In a study by Rizzo et al, the focus was excess deaths in Italy associated with Influenza. For the 32 influenza seasons studied Influenza caused an estimated 57,243 deaths with an excess mortality averaging 15/100,000. Some years there was no excess mortality. Older age was responsible for most influenza-related deaths during epidemic seasons. In the 1969-1970 pandemic season, H3N2-associated deaths were spread across all age groups. Interestingly, the overall number of excess deaths during the pandemic year was 1-9 times higher in Italy than in other European, North American and Asian countries.
These data from these 2 original studies are useful to understand the morbidity and mortality of acute influenza primarily during non pandemic years. Excess mortality during routine years, however, does not approach that during pandemic seasons. Why does pandemic influenza kill so readily? To answer that question the Director of the National Institutes for Allergy and Infectious Diseases, Anthony Fauci, and his colleague David Morens have written a perspective on the 1918 pandemic, the great influenza (also see John Barry's book The Great Influenza for a gripping account of those years). They note that Taubenberger and colleagues sequenced the entire 8-segment genome of the 1918 virus (see Nature 2005;437:889-93) using the RNA actually recovered from the lungs of those early victims. That virus evolved not by gene reassortment that is the great threat with the current H5N1 avian strain but by a process known as genome adaption, a new mechanism of generating novel viruses.
Morens and Fauci make some interesting points in their perspective.
Together these articles paint a vivid picture of influenza. Pandemics may only be predictable to the extent that they are NOT predictable. During non-pandemic years people do die at an excess rate but mostly due to underlying cardiac and pulmonary disease. Vaccines may not be highly protective in all adults, even to the degree that about 10% of infected, vaccinated octogenarians will be admitted to hospital. Recovering bacteria to incriminate a microbial etiology in causing radiologic disease is not routine, but culture of blood and sputum, in the opinion of most infectious diseases physicians, is still of likely utility.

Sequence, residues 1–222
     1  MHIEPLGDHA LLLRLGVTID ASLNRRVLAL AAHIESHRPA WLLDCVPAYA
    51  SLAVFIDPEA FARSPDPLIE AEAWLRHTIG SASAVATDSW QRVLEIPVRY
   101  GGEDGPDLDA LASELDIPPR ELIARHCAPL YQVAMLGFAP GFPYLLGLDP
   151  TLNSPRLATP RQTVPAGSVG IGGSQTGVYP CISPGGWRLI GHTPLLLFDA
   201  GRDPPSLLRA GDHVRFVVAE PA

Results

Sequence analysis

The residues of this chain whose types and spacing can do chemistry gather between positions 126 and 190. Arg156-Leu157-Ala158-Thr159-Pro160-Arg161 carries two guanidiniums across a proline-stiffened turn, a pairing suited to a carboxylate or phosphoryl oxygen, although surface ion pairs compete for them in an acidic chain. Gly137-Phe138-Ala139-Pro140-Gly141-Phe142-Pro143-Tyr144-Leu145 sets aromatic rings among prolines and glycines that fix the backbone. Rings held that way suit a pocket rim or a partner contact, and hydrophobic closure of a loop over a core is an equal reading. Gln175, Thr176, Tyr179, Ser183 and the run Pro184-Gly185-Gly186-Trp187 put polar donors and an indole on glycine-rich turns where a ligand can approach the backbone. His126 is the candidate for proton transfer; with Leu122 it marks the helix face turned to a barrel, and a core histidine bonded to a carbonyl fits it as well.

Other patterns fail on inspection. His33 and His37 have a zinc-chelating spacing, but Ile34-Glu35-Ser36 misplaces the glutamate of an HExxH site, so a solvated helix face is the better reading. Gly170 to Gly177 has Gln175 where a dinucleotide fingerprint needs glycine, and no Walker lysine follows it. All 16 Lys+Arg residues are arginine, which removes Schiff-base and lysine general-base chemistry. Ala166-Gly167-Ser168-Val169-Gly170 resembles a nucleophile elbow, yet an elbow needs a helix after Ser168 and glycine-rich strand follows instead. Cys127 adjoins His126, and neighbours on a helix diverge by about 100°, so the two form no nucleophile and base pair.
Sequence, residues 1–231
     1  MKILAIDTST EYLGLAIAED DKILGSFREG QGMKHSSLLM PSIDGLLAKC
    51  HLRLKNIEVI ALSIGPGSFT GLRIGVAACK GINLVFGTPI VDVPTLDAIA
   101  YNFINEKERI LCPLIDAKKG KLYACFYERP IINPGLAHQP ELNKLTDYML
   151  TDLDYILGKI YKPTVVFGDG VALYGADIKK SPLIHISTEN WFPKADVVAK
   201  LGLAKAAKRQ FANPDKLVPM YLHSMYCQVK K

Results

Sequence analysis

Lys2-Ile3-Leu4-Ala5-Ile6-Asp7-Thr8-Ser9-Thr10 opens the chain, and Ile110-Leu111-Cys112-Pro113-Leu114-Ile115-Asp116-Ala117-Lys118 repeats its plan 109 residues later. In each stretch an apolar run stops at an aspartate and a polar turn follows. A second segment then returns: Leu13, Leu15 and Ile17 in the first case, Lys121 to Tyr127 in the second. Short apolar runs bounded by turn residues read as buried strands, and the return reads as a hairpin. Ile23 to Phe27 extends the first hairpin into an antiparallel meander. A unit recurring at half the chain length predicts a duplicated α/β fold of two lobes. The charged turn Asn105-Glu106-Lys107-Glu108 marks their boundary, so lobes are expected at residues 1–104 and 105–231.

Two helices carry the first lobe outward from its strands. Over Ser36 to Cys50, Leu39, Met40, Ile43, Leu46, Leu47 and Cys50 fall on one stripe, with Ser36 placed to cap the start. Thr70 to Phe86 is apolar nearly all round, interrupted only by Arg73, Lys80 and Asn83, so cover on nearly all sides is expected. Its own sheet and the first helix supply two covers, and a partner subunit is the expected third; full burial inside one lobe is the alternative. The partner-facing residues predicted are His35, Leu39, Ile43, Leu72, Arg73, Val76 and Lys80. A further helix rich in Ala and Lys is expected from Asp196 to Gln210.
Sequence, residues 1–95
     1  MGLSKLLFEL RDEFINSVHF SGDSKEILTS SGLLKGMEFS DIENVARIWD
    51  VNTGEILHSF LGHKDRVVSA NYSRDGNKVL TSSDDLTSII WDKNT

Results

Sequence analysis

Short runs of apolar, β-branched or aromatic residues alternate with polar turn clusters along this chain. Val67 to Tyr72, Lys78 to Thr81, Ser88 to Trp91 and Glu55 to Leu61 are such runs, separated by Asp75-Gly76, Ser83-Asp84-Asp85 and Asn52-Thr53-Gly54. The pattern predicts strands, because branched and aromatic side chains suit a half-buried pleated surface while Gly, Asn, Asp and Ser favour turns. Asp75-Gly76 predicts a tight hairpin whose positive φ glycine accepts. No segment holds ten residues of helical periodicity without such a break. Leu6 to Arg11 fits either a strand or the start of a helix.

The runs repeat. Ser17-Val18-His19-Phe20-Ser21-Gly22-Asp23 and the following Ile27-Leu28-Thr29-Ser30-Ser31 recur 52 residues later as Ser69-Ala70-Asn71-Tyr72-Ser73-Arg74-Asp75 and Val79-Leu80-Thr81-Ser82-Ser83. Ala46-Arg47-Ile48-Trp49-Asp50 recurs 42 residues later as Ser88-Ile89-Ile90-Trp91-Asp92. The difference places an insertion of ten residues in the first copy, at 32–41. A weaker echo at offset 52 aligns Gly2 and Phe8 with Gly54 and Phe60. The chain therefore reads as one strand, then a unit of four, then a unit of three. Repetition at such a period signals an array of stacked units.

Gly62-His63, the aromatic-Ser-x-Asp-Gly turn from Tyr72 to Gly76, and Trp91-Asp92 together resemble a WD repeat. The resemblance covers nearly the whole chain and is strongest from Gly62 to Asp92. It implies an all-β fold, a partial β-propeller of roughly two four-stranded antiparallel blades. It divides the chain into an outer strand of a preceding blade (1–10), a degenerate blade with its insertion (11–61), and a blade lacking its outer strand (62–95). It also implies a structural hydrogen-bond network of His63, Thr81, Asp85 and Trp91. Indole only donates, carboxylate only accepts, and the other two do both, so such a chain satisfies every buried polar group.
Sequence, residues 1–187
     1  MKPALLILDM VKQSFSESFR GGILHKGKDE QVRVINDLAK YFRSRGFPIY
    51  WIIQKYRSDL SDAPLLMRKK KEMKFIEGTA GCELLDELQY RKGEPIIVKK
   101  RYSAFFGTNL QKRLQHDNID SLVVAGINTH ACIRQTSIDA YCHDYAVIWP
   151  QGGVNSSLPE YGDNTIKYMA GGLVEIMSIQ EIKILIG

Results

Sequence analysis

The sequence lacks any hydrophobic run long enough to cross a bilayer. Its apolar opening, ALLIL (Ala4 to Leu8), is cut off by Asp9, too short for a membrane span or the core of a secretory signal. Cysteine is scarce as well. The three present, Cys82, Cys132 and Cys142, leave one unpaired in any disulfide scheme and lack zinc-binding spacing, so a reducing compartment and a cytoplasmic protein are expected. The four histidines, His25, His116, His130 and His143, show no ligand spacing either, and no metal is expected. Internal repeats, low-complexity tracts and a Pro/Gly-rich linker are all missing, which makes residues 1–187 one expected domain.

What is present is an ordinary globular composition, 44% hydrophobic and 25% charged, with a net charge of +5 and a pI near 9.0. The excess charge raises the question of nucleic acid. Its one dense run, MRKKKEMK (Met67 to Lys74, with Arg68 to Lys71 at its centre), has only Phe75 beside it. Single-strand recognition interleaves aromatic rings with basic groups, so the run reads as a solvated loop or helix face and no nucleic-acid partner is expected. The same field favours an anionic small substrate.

There have been volumes written already about the dire threat of pandemic influenza. From the current review by Morens and Fauci, however, it is clear that we can not predict when the next pandemic will occur, its severity or its pattern. Multiple influenza viruses already circulate and cause disease yearly, and influenza B continues to cause episodic disease. Current influenza A strains are more likely to be resistant to first-line antivirals and we are probably too dependent on newer anti-influenza drugs like oseltamivir.
Recent table-top exercises and mock outbreaks have both shown that our capacity even in well equipped cities pales in relation to the number of affected individuals that may present during the initial phase of a pandemic. Nevertheless, we have to continue to rely on public health insights to prepare for pandemic disease, including pandemics that may be the result of new agents or bioterror. We must mobilize better for the assault and not fall prey to Michael Osterholm's premonition that after the fact we will not regret "how well government, business and public health leaders prepared the world for the catastrophe when they had clear warning." (Osterholm T. Foreign Affairs 2005; 84:24-37).